Nestled between four and five is a date window that fits the space nicely. Clearly something we’re going to have to get used to on new Seiko divers, the 4.5 date window seems to be troublesome as it breaks the watch’s symmetry, though it does allow for a full set of markers, which I personally like. On this model, I think it’s particularly inoffensive as Seiko maximized the size of the applied markers, which dominate the space. It’s also worth noting that the day is gone as well, which was present on the previous Urban Safari models, as they switched from the 4R36 to the 4R35.

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The signature shroud
Small lugs and a protected crown
Large screws

Over the years, Seiko has tried a few handsets on Tuna models, and I think they’ve finally nailed it, at least for these smaller models. The hour and minute hands are straight blocks in brushed metal with rounded edges. The hour is a bit wider, but shorter, as expected, making distinguishing between them very easy. The seconds is then a stick with a lume filled triangle and a black counterweight. Simple, easy to read, and not distracting.

The case is everything you want from a Tuna, just smaller. As a longtime fan of the Tuna, but never an owner due to their size, I find this model just right. Steel on steel, the tapering shroud is brushed all around, save the two cutouts that allow access to the bezel edge, which are polished, adding a touch of contrast. The three allen-head screws that stud the sides like little bumpers are a favorite detail, and something I’m glad to see on this model, where perhaps a more subtle solution might have been used. As is, they are quite large, coming off as pushers. The crown at just-before-four balances them out. Lastly, tiny little lugs jut out from underneath allowing for easy strap connection.

A complex construction

Where as most cases are composed of just a few pieces, the Tuna truly feels like a construction or assembly. As such, it hits differently, as they say, very much feeling like a tool in the true sense. What it might lack in traditional dive watch panache, it more than makes up for by being truly different. You’re simply not going to find another watch like a Tuna. It’s the dive watch amongst your dive watches.

Seiko has come a long way with their rubber straps, and the one found on the 81 proves it. A beautiful, soft 20mm silicone in dark blue, it’s as nice as the strap that came on the SPB149. Sure, the metal keeper is not as fancy, nor is the buckle, but the strap is beautifully molded with a chamfer along the edge, a subtle texture to the top surface, and a more pronounced pebbling underneath. And like the one on the 149, it features metal sleeves for the spring bars, allowing for easier installation and a better motion at the lugs. Consider me impressed.

Seiko’s Superior Silicone Straps

But where the 81, and I imagine the other new “Baby” Tunas, truly impress is on the wrist. It’s almost shocking to say, but it wears pretty effortlessly and feels downright small. Even the large Tunas wear better than expected, so at 43mm in diameter and barely any longer lug-to-lug, this version is a straight-up delight. And don’t let the numbers fool you, the watch is only 43mm at the widest point of the shroud, but it reads much smaller. Furthermore, the thickness is deceiving (though 12.6mm is still a very acceptable number), as the watch looks like it ends at the bottom of the shroud, which would make it closer to 10mm.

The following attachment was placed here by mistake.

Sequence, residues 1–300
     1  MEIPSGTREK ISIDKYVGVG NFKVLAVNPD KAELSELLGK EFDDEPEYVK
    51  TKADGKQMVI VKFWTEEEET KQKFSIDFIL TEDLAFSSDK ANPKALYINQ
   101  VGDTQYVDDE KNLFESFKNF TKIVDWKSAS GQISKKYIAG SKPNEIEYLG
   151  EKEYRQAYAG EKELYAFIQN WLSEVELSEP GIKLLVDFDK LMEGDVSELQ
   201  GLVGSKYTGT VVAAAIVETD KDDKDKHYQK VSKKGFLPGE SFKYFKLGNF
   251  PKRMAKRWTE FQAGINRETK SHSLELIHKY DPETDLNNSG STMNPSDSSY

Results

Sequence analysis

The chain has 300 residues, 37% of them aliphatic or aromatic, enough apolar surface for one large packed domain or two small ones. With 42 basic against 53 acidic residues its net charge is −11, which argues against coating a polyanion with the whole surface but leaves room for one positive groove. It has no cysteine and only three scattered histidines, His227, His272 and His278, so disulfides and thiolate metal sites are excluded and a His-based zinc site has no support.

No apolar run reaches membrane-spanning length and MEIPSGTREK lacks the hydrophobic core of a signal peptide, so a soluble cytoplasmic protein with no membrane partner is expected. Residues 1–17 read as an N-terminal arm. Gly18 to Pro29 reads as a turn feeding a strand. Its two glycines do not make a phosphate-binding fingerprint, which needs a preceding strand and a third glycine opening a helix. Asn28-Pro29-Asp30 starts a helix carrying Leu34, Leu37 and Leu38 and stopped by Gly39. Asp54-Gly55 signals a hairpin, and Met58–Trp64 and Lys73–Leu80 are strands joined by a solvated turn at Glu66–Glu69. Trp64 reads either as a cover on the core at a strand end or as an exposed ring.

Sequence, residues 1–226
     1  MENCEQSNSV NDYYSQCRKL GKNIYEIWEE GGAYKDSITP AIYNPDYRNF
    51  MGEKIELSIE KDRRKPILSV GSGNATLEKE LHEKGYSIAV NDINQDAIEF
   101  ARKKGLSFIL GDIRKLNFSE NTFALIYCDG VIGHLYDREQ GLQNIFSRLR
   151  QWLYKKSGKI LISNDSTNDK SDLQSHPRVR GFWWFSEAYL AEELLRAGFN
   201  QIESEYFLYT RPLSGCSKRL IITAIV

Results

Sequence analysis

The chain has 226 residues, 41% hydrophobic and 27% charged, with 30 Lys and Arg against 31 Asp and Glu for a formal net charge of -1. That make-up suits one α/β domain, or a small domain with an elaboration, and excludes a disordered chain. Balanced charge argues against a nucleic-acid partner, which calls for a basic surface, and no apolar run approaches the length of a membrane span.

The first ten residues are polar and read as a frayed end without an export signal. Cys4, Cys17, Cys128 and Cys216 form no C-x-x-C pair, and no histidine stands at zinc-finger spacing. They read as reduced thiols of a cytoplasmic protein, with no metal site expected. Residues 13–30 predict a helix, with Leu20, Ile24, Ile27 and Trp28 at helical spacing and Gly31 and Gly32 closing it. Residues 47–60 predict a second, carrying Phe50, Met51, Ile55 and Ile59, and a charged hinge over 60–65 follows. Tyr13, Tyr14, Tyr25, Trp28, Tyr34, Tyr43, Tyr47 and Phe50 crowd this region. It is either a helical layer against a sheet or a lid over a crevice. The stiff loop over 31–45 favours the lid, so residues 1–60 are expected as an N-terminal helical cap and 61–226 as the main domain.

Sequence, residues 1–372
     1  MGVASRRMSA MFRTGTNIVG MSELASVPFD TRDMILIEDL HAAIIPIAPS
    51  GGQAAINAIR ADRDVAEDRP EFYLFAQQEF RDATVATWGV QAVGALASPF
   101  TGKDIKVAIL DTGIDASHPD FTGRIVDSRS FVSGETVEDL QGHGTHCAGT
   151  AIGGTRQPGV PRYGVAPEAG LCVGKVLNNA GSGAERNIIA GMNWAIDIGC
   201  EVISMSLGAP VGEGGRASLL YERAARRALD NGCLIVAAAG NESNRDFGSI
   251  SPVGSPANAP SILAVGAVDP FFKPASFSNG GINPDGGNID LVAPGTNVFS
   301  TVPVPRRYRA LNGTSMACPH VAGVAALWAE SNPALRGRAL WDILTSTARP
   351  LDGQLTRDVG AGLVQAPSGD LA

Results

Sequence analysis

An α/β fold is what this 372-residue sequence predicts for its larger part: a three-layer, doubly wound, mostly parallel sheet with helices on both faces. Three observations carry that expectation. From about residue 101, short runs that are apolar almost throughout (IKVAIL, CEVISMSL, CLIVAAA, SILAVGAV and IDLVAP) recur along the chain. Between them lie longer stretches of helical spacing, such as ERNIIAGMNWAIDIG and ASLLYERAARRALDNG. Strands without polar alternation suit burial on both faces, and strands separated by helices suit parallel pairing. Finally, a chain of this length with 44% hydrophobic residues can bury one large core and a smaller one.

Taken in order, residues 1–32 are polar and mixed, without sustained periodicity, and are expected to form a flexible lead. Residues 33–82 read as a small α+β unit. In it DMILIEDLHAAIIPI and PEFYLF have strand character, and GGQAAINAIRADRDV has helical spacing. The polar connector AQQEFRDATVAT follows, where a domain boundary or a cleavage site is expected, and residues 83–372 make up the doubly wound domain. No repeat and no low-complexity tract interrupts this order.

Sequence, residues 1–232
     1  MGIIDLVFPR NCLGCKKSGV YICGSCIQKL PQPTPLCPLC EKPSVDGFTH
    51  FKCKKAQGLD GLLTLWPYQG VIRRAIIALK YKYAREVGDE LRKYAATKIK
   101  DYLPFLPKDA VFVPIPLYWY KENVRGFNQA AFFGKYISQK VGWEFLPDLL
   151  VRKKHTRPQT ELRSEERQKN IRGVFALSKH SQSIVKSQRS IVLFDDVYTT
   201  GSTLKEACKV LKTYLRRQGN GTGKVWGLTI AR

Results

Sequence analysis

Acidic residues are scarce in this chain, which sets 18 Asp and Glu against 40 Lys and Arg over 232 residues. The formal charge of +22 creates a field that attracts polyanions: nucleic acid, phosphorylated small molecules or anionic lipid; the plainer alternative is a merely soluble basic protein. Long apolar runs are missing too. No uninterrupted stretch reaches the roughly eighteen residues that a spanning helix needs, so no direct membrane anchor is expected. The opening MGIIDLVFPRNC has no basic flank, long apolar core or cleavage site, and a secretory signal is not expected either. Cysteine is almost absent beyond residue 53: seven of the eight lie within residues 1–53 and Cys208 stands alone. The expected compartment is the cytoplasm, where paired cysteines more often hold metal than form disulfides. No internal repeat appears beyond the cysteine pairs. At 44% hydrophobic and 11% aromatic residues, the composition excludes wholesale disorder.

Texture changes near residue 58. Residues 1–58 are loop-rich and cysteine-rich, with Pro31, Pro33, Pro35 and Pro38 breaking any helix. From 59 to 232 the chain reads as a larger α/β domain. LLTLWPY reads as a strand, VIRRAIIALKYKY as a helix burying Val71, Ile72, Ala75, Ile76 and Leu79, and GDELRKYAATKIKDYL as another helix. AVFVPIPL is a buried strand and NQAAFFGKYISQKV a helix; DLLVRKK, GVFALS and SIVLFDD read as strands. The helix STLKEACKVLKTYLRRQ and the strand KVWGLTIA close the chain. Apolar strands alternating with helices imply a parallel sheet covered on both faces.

This leads me to my proposal for the new nickname for this sub-genre of 4R-series, scaled-down Tunas – (drum roll) – the Everyday Tuna. “Baby” or “Mini” are, well, never great, and to me, what the rescaling of this watch has done has turned the Tuna from perhaps an oddity in your collection – that beastly, conversation-starting tool watch you break out on occasion but isn’t your go-to (though kudos to you and your large forearms if you do) – to a daily-wear. Sure, it still might not be as visually versatile as a classically styled diver, but at this size, it’s just as easy and comfortable to wear.

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The Everyday Tuna – comfortable for all day wear
Wears thinner than expected
The bezel is still easy to use

As for the SRPF81K1 and 83, forbidden to you or not, Seiko has managed to dress up these by-definition-gnarly watches about as much as possible, creating versions that will likely please even the most stubborn of Tuna holdouts. In other words, they are pretty great. No complaints here. Between the build, the size, the design, they are just solid, good-looking watches that are truly “Seiko”. And they are in the neighborhood of $600, making them well-priced for automatic Tunas, if not on the high-side for a 4R. With that said, what I’m waiting for Seiko to release is the true Everyday Tuna: black dial and bezel with white/faintly green lume in this same case. Traditional, perhaps a touch boring, but the kind of watch all of us Seiko fans will likely have to pick up. Seiko Prospex

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Zach is the Co-Founder and Executive Editor of Worn & Wound. Before diving headfirst into the world of watches, he spent his days as a product and graphic designer. Zach views watches as the perfect synergy of 2D and 3D design: the place where form, function, fashion and mechanical wonderment come together.